School-based occupational therapists assist students with various types of challenges by promoting their daily functional performance and benefit from the academic curriculum. Occupational therapy (OT) in the school setting is a “related service” meaning that it is not separate from the curriculum, but supports the student’s participation in the curriculum and addresses the obstacles interfering with attaining academic goals. The profession of occupational therapy is concerned with a person’s ability to participate in daily life activities, also referred to as “occupations.” The occupation of a student in school includes everyday skills like use of school materials, written work, behavior/self-regulation, and self-care.
Within public schools occupational therapy is governed by federal and state special education law, including the Individuals with Disabilities Education Act of 2004. Best practice indicates that interventions are most effective when provided where performance naturally occurs. The academic focus of Elementary and Secondary Education Act (ESEA) and Individuals with Disabilities Act (IDEA) requires that supports be provided in the child’s natural environment.
School occupational therapists may consider the following questions when determining the provision of therapy services:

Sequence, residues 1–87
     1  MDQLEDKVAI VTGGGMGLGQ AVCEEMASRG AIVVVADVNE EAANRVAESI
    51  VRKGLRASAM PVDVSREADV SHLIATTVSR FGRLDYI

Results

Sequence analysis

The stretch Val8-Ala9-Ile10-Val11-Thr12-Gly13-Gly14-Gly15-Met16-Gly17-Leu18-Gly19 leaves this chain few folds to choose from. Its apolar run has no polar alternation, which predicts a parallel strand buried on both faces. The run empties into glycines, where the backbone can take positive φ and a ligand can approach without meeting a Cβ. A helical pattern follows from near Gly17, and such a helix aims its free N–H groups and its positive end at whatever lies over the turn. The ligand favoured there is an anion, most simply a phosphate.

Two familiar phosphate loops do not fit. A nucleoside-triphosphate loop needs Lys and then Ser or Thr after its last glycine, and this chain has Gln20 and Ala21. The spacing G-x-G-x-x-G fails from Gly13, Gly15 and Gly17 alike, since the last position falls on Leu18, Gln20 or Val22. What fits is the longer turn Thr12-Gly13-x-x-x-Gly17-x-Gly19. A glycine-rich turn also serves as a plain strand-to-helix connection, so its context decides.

- What are the student’s educational needs for which the OT can provide unique skills and perspective?
- How do the needs of the student impact educational performance?
- How will OT services improve performance that will contribute to the achievement of the student’s educational goals aligned with curricula?
- What can the OT provide that is different from other team members?
Occupational therapy services in the educational setting differ from those in rehabilitation and other medical settings. OT services in the schools are solely to support the educational process. A student may manifest a disability that does not significantly interfere with educational performance and then school-based OT would not be warranted.
School-based physical therapy is integrated into the student’s educational goals as outlined in their Individualized Education Plan (IEP). The physical therapist may service a student with a variety of disabilities in order to enhance functioning and attain education objectives. They can assist with problem solving to eliminate barriers that hinder access to educational environments and assist in modifications and accommodations to support students in their general educational program. To the extent possible, physical therapy is integrated and provided in the student’s natural environment (e.g. classroom, lunchroom, stairs, hallways, playground). The physical therapist works toward the student’s independence and participation in school.
The physical therapist also provides services to the infant/toddler birth – three population through the Early On Program. These services are provided in the home to assist the family and the child in developing age appropriate gross motor skills and provide assistance in modifications needed at home for the child’s development and success.